Finally back on California time, after a busy week in Barcelona at the Mobile World Congress. The GSM Association, which owns the event, changed the name from the 3GSM World Congress, dropping the reference to 3G. In part, this represents the desire to attract participants from the information technology, financial services and entertainment industries (including Robert Redford). But dropping references to radio technology (2G GSM or 3G W-CDMA) also suggests the “end of Gs” for the mobile industry. Not that new radio technology was ignored at the Congress. Many heralded the arrival of 3GPP Long-Term Evolution radios (although the impression of imminence is undermined by the LT in LTE), others exhibited WiMax (including Cisco), and femtocells generated much interest (including partner ip.access). But the notion of 4G replacing 3G, which replaced 2G, which replaced 1G, makes decreasing sense as a framework to describe the future. Read More »
Anticipation was building… show organizers even changed the event’s name to”Mobile World Congress” (MWC) to acknowledge the evolution of the industry. The stage was set for a technology debate around HSPA, LTE and WiMAX. Many were prepared to engage in the rhetoric and race for mobile access technology supremacy. There was plenty of hype as Intel, Ericsson, NSN, and other corporate titans attempted to increase mindshare for their particular solution or approach. In the end, it was the small guys who captured the attention and headlines-the companies who focused on the delivery of a rich mobile user experience. “It’s the application stupid” was the theme that stole the show (see “Green Porno-a series of short films designed for cell phones and computers; provocatively named for search recognition). As Softbank CEO, Masayoshi Son and Vodafone CEO Arun Sarin pointed out in their keynotes, the Internet, entertainment and mobility are where the world is heading. Mr. Son even went so far as to say, “Voice will be offered for free” Wow… how times have changed. Read More »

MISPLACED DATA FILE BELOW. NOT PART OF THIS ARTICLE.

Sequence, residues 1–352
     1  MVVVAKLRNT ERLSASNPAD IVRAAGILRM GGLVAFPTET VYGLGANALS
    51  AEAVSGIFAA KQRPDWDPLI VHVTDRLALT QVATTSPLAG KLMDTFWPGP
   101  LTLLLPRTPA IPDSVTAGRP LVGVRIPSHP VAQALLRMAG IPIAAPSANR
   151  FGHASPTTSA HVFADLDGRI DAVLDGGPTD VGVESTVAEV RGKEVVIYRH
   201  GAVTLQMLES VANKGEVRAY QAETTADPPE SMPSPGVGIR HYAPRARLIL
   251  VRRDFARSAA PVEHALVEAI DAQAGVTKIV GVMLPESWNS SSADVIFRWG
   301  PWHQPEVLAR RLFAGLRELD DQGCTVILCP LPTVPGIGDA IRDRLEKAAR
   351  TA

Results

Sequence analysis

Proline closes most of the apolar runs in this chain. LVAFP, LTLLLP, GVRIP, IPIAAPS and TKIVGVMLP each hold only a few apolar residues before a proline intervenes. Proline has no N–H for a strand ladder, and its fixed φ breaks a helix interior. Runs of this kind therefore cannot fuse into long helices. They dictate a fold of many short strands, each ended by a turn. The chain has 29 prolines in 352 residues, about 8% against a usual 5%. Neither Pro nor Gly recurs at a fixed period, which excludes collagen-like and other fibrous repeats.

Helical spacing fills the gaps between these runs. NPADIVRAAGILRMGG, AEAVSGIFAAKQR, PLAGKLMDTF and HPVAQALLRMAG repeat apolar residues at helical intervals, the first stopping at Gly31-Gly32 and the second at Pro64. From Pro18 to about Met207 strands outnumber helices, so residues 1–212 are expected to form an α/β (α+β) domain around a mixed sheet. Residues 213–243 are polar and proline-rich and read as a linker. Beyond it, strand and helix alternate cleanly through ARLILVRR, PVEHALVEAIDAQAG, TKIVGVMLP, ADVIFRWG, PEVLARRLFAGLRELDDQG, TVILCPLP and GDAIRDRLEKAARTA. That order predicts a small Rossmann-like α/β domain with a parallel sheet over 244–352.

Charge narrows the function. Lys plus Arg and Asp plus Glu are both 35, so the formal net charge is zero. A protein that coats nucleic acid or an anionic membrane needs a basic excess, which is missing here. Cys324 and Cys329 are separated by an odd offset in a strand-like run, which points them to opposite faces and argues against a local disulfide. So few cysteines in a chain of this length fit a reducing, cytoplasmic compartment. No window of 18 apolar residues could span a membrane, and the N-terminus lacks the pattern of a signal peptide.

Ok, so I know I’ve already mentioned the uber-users campaign we have going on and the Web 2.0 aspects it brings to us, but considering the day and the challenges that so many of us have had with finding love -past, present or future -I figured it would only be appropriate to get a better idea of the challenges that Cupid goes through as well- Happy Valentines’ Day!
Mobile operators and service providers have been looking for efficient solutions to the inter-domain IP mobility for the past fifteen years or so. The main motivation for this effort was the ability to continue an IP session when a host IP address had to change due to mobility. Client Mobile IP (CMIP for short) was introduced by Internet Engineering Task Force (IETF) to overcome this problem. The CMIP allows a mobile terminal (e.g., a laptop or a PDA) to keep its transport connection opened and continue to be reachable while moving. The CMIP also provides a common IP layer mobility across different access technologies. This would be quite attractive for mobile operators who might own several access networks of different types such as WiMax, 3GPP2 High Rate Packet Data (HRPD), or 3GPP Long Term Evolution (LTE), etc. Read More »
We just kicked off a new marketing campaign, focused on the uber-users of the network, to act as a run-up to a major announcement we are planning in a few weeks time. Instead of taking a traditional approach of interviewing enterprises and providers as to the challenges they are facing with network, we directed our questions to the likes of Santa Claus, the Stork, Cupid, the Easter Bunny, and a Unicorn, all of which face some daunting operational issues which must be addressed by the network.Such an approach is a bit different for Cisco. Admittedly, we are showing our fun side which many of our customers and constituents have encouraged (at dinners with analysts, I’ve heard”why are you always so serious in briefings- you’ve earned the credibility to joke around now and then”). Beyond just the tone, though, and more applicable for this forum, our uber-users campaign is also a way for us to embrace the viral marketing benefits that are possible with Web 2.0. With the”tell a friend” function, we are hoping to have these passed about amongst our customers, and in the process, target the news of our upcoming announcement to the parties that are interested in it the most, far more efficiently and broadly than what we could achieve through other, often costly means. This represents us to not only talk about the Human Network but to benefit from it as well. (Our promotional effort will have ties to the larger Human Network campaign itself too, but we can talk about that later-.)So what’s your take on this?And, are you, too, a networking uber-user?